Tuesday, August 31, 2010

Top 108 Moments: #50-41

"Widmore? Charles Widmore?"

(Thanks to Dark UFO and Lost Media for all the screencaps).

Welcome to the seventh part of the Top 108 Moments in Lost!

Previous installments:

Honorable Mentions are here, which you might want to read first to get some of my thought processes on what made and was excluded from the list.

Moments #108-101
Moments #100-91
Moments #90-81
Moments #80-71
Moments #70-61
Moments #60-51

Today we have Moments #50-41. The Top 50 Moments in Lost begins here! Namaste.

50) Locke meets a young Charles Widmore in 1954

Episode: 5.03 - Jughead
Synopsis: Seems there were some familiar faces on the Island way back when
Why it’s great: Terrific surprise, but it also sheds light on why Charles wanted the Island

Pretty much all the Desmond-centric episodes are classics and Jughead is no exception. Season 5 began with a whole slew of revelations as the time travel storyline began and quite possibly the biggest revelation of all was Locke discovering that the hot-headed young Other they encountered was none "other" than Charles Widmore himself! This revelation led to the further (correct) speculation that the curly, blonde gun-toting Other, "Ellie," was another familiar face - Eloise Hawking.

These revelations completely changed all speculation surrounding Charles. Up until that point, Charles Widmore seemed simply like a wealthy industrialist who wanted nothing more than to exploit the Island for personal gain. The fact he was an Other caused us to immediately question why he was no longer an Other and made us wonder just how deep his conflict with Ben went. It was a great plot twist and Locke's surprise on screen mirrored our own.

49) The Black Rock is a pirate ship?

Episode: 1.23 - Exodus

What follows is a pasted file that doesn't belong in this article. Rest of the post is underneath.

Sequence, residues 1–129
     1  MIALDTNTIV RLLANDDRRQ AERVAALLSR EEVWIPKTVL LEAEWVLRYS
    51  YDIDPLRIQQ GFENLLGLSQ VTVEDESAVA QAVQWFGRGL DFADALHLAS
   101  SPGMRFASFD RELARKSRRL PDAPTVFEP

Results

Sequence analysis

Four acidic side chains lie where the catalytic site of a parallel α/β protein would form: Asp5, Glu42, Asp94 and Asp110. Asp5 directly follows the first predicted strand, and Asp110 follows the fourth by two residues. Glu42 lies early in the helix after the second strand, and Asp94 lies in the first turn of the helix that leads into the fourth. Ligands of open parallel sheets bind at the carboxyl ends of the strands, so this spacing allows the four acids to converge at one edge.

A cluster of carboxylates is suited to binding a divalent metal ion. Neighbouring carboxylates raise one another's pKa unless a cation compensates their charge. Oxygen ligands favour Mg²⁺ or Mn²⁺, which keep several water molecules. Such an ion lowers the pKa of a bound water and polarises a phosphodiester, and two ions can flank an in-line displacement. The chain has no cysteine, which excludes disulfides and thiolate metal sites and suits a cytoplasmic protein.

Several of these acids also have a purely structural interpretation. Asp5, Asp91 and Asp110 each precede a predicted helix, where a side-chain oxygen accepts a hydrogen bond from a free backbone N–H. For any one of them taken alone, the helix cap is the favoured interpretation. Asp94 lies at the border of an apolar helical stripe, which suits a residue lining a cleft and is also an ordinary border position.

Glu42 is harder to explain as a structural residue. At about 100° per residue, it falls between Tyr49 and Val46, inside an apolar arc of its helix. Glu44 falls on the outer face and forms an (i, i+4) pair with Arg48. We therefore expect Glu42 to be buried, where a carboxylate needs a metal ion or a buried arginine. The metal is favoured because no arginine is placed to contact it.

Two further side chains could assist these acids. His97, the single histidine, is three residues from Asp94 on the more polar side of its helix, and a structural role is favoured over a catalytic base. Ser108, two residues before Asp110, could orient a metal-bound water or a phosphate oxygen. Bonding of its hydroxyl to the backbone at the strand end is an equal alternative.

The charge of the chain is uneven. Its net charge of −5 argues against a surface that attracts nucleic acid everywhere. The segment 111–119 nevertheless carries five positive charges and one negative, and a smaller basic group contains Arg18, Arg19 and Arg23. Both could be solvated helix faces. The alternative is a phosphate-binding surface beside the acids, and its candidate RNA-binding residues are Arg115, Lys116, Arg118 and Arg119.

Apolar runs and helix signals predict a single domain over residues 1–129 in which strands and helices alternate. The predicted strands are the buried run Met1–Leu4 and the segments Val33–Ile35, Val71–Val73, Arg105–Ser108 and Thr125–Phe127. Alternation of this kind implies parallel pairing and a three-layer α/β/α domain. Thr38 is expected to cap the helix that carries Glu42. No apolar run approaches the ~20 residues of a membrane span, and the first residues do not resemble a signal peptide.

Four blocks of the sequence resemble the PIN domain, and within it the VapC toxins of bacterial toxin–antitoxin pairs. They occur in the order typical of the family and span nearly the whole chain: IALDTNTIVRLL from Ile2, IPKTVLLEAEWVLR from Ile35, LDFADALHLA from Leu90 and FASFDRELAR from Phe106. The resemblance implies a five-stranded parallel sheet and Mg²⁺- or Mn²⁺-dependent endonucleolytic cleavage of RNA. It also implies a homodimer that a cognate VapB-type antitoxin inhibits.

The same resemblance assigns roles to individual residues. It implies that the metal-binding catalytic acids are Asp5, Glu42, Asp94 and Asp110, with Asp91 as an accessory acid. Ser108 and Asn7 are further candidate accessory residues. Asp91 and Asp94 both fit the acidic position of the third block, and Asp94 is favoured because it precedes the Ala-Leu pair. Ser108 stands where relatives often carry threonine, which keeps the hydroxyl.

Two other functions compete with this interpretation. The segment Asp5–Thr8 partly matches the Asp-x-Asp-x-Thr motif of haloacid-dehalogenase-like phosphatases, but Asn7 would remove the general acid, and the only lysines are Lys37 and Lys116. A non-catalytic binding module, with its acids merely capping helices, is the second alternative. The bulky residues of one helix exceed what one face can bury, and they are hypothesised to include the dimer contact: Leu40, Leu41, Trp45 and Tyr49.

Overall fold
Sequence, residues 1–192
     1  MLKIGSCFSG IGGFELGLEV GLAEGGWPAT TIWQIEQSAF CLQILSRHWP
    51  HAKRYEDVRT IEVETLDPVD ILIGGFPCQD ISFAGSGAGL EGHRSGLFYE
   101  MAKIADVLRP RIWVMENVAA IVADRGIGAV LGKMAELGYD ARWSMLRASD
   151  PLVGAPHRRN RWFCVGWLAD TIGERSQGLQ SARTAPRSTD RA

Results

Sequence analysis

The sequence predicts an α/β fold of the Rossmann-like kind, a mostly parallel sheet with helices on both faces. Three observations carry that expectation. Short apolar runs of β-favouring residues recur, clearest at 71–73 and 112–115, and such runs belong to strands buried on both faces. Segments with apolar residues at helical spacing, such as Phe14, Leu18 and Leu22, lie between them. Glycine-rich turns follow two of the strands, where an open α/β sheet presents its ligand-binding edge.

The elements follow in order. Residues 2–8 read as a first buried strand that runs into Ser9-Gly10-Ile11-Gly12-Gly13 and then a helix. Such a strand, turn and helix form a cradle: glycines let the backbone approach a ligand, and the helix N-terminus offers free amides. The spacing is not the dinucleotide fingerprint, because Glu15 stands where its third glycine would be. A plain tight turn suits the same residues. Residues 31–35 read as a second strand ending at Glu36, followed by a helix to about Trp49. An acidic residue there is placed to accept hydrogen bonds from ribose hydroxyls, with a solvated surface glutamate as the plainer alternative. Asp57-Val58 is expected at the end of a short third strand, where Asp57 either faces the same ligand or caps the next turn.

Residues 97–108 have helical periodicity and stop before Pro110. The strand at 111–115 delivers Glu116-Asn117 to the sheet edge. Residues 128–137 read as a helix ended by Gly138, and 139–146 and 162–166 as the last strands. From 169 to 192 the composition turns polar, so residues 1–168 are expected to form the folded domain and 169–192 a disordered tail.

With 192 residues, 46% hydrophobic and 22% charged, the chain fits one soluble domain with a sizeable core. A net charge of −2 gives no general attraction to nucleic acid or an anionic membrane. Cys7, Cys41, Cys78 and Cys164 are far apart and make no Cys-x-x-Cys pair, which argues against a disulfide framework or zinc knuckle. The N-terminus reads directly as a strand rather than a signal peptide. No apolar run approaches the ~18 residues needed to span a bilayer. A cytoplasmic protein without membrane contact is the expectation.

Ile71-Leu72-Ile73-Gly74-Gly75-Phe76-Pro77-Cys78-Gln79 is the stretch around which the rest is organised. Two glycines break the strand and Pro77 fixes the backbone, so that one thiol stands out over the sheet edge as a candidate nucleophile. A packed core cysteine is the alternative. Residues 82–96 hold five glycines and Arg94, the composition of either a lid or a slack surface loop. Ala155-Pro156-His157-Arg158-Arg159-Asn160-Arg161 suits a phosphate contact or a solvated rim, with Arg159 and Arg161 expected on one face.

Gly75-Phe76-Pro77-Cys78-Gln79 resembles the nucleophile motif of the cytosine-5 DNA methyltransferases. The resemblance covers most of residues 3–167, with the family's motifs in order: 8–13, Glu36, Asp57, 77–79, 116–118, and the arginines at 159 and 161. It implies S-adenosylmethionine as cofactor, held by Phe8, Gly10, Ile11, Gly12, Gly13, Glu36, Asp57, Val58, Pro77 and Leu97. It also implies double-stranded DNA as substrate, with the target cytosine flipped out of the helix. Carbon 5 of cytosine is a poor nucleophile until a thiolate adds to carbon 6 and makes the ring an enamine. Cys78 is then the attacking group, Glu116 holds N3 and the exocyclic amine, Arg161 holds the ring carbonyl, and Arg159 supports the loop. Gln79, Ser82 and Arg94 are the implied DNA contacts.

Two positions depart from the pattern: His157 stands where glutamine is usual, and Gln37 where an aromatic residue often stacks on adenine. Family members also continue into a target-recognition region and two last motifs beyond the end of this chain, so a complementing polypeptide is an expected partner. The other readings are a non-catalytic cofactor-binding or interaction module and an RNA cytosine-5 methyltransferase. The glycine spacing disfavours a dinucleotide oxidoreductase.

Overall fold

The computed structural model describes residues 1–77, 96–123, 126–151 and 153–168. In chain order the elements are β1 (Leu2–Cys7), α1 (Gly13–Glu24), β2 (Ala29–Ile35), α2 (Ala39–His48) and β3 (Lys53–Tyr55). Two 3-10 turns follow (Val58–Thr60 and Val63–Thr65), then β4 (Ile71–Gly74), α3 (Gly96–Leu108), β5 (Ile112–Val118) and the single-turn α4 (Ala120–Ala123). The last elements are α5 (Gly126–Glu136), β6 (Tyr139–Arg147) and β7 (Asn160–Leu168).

Synopsis: The Losties see the Black Rock for the first time
Why it’s great: One of the classic, all-time images from the show

The first time we heard the words "Black Rock," most people thought Danielle was simply describing an ominous Island structure. And when she volunteered to lead a group deep to the Black Rock deep into the "Dark Territory" in Exodus, I think pretty much everyone was expecting something along the lines of a lava field. So when the camera panned up onto the majestic, land-locked pirate ship in the middle of the Island, my mind was completely blown.

Not only was the shot gorgeously filmed, it remains to this day one of the neatest things I've ever seen on the small screen. Wonderfully imaginative, beautifully filmed, perfect in its execution.

48) Sawyer shoots a polar bear
Episode: 1.01 - The Pilot
Synopsis: The Island has an indigenous population of polar bears?
Why it’s great: Introduces one of the strangest mysteries of the show

Falling into the same "wonderfully imaginative" category is the introduction of the Island's indigenous population of polar bears. We already knew the Island had some sort of Monster at this point, but Monster Islands fall squarely into the category of fantasy. A tropical Island with polar bears, however, suggests there's also a more mundane mystery happening. Again, it's a brilliantly imaginative scene and also probably the best explained Island mystery of the entire show.

It's also worth mentioning that this scene sets up so much in terms of the characters. We learn Sawyer has a gun and handcuffs he got from a Marshall who was on the plane. We discover Sayid has some sort of military training since he knows how to disassemble a gun. And all this leads to a great Kate flashback where we discover not only that she's the fugitive, but that she's also a terrific liar (since she lied about not knowing how to handle a gun). As an added bonus, I also love Sawyer's t-shirt from the Pilot - one of the few pieces of Lost apparel I'd like to own (along with Miles' shark-bear t-shirt).